On skills and sanity

Betty has been trucking across town to circus class every Thursday for a while now, and quite honestly wouldn’t like to imagine this present life without it, if at all possible. This past term has been lovely: a different teacher, who is supportive and wonderful and shares Betty’s love for the clinically special and their siblings and art and dance and behaving like a holy fool from time to time; classmates ranging in age from ten to Betty, one of whom has an aunt who made a career as a human cannonball; and a beautiful studio by the zoo with windows covering one wall; and, importantly, enough rope…

It hasn’t just been trapeze all term, either. There are silks, or tissu, which are beautiful and difficult – one has to climb to fearful heights and hang on, and wrap one’s limbs into various locks and wedge one’s torso between the ribbons and reserve enough energy to come down again, while making it one’s resolve to stay up, because the silks are like a wave pool of gravity, constantly inching one down. The day after tissu is achy shoulders, tender knuckles, slight burns on the tops of one’s feet, and back muscles like a flying squirrel.

There’s also a hammock of silk, rigged from two points, that mimics the cloudswing made of rope – it’s lovely fun, perfect for flipping in, or as a place from which to sling some small child. There’s a lyra, essentially a hanging hula hoop that looks graceful but causes about as much pain as you’d expect from a solid piece of metal. The studio has two trapezes, a triple (four ropes and a bar, as seen in the previous circus post), and a single, which is currently rigged from one point, which makes it a dance trapeze. It spins.

But what Betty is trying to convey is the motivation and the challenge of aerial circus. Betty has terrible upper-body strength and a dramatic fear of heights, both of which amplify the temptation to slack off. I might just do another gazelle, one thinks to oneself. I might do something more experimental. In lieu of actual skills, I shall emote at a medium height in a paroxysm of dorsiflexion. This video, I think, shows a slightly more realistic view – the excuses of laziness don’t really fool the camera. Uninitiated viewers will have to imagine the sensations of having fairly substantial rope wrapping around the knees, with one’s practically entire and very non-Bulgarian-gymnast weight resting on it; of becoming semi-stuck on one’s own proverbial; of being acutely aware that the bar is rigged, I don’t know, two feet higher than when one started to learn this piece, which shouldn’t change much, but does. In the half-hour after this video was taken, with the help of some rosin and a run-through on the silks and the teacher’s direct suggestion, Betty did the handstand anyway and it didn’t kill her. You see?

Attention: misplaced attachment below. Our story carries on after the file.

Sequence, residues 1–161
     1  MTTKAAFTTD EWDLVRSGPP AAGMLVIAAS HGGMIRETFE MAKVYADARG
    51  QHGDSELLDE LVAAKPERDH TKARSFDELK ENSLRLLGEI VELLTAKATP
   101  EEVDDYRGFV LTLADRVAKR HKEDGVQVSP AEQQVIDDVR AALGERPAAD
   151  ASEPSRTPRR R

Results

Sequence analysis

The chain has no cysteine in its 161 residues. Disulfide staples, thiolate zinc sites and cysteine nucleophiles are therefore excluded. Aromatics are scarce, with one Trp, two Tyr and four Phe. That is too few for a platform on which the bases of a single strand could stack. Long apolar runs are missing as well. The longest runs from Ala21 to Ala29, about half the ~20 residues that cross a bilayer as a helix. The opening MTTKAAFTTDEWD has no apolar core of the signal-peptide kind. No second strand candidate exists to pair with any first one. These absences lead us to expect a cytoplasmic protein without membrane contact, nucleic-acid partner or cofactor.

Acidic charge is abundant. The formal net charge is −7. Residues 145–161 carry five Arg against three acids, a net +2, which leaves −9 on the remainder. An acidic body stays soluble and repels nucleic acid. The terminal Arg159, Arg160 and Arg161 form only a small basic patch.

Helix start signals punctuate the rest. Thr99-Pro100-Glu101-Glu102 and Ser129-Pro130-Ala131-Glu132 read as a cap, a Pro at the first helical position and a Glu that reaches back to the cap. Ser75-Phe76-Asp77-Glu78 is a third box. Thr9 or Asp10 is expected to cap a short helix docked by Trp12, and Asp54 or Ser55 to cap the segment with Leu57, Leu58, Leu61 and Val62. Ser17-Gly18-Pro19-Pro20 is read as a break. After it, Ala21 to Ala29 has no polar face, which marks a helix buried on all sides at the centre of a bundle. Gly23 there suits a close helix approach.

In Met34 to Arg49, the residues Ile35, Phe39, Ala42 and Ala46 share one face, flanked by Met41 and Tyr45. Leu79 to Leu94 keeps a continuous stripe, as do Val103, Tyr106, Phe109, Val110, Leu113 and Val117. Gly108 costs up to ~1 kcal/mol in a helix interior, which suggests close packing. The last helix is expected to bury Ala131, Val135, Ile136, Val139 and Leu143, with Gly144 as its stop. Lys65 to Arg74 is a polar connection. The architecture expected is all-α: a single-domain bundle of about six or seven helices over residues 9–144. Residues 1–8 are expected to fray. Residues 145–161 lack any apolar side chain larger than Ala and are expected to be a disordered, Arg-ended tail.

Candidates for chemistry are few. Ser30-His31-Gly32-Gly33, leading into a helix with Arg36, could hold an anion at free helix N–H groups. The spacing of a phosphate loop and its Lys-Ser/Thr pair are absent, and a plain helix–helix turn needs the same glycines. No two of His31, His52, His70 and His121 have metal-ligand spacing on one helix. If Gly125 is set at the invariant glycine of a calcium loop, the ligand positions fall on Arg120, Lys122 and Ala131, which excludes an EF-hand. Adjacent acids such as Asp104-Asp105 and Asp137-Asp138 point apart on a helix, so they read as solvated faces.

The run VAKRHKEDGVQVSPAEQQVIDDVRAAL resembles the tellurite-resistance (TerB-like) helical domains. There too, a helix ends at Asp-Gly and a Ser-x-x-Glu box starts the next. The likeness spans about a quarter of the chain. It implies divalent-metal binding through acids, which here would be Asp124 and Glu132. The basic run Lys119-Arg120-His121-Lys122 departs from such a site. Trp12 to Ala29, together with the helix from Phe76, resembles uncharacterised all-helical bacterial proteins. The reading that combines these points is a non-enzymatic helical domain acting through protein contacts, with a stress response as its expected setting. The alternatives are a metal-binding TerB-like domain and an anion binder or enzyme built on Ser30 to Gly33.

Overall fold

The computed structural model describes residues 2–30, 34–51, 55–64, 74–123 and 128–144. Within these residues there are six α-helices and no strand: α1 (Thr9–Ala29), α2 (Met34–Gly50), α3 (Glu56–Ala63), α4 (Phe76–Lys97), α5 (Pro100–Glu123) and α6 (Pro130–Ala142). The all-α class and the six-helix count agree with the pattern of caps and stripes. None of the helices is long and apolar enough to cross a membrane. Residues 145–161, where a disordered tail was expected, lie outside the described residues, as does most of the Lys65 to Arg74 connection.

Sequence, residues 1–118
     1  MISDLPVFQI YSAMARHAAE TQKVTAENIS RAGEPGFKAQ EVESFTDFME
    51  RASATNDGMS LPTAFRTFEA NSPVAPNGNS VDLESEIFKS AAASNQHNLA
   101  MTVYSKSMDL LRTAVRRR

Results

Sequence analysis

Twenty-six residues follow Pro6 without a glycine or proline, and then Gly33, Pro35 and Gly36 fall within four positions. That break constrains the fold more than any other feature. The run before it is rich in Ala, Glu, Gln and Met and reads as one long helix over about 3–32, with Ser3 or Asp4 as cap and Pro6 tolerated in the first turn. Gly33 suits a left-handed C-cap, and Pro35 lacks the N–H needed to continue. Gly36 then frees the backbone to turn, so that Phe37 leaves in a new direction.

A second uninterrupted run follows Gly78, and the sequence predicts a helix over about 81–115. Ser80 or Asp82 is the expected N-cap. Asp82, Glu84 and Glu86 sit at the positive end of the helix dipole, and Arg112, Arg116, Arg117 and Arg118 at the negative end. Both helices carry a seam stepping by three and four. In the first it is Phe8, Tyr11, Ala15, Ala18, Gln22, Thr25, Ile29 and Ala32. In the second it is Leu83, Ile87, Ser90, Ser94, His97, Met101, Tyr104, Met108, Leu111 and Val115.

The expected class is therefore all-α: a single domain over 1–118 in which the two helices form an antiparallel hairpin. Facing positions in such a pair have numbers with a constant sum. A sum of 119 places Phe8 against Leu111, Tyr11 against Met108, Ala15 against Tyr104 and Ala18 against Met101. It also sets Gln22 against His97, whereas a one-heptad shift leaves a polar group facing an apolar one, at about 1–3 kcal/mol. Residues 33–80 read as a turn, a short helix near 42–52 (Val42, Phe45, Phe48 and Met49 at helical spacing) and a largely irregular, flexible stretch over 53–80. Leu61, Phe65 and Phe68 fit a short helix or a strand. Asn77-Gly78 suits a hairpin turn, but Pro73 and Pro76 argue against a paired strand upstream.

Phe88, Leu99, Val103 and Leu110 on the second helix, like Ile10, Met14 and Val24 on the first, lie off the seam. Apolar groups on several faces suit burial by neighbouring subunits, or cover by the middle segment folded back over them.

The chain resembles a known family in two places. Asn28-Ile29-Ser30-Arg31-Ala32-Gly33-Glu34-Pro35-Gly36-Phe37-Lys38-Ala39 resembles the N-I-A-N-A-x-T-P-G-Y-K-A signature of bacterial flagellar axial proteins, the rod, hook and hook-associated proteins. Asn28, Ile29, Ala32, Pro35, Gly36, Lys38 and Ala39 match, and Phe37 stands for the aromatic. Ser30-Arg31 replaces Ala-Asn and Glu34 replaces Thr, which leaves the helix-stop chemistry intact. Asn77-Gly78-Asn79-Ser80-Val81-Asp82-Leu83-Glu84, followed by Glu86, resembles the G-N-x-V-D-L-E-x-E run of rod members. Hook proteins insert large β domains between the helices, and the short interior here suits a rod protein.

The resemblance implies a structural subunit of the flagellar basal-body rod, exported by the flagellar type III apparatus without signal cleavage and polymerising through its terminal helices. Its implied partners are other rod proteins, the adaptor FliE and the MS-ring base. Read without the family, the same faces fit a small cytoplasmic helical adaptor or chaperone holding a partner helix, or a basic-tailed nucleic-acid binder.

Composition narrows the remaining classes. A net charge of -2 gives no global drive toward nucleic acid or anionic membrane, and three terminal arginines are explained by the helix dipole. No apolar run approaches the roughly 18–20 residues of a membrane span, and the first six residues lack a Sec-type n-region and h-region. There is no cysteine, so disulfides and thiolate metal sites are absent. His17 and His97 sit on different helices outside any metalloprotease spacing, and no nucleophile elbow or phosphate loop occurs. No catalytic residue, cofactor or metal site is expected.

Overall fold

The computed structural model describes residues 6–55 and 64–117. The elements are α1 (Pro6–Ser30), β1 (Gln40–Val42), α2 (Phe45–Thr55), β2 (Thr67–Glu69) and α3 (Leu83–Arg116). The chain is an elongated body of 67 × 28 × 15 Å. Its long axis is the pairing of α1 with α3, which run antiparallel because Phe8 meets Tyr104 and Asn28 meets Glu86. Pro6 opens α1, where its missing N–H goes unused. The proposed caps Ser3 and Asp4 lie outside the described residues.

The day after trapeze is bruises behind one’s knees, bruises across one’s pelvis, bruised ankles, bruised shoulder-blades, callouses under each finger, a decompressed spine, pathetically exhausted arms, and a smile.


It’s been very windy.


Last weekend Betty had Pilates training all weekend – first three apprentices tested out, and then all the teachers had continuing education. This means many many workouts, lots of coffee runs and organising, pep talks, early starts, and sore muscles.

There are also some significant upsides…



There should really be a photo of sweaty socks to balance that out, but such is life. Betty has now basically caught up with not having a weekend, so there’s lots more to look forward to – some sunny days, more bike rides, lots of walking (the Auckland Marathon is coming up fast), and an exciting double date… stay tuned!

Swings and roundabouts

The reason for Betty’s day off today was a Skinner Releasing workshop with low-flying trapeze in Titirangi, which looks like this:


But when Betty got there, she found that it had been cancelled at the last minute due to low enrollments. Is it not always the way?


It was gravely disappointing, but it was either off the cliffs or onward and upward, so Betty headed back into the city. It’s quite a long way. There is a train, which is much more picturesque than the bus, but it turns out the trains are off this weekend. See Life, above.

Fortunately, during the bus ride Betty had a brainwave, and remembered she could drop in to the dance studio, which looks like this:


… and she did the Charleston for an hour, which is a wonderful thing to do when you’re feeling a bit stabby.


Then she met the husband person and had a lovely walk along the viaduct, learning some interesting facts, and breathing the salt air.


And on the way home they went into the fish market for the first time – not something that usually appeals to Betty’s vegetarian sensibilities, but it turns out to be quite corking.




So there you go. When you lose on the gee-gees, make lemonade, as they say.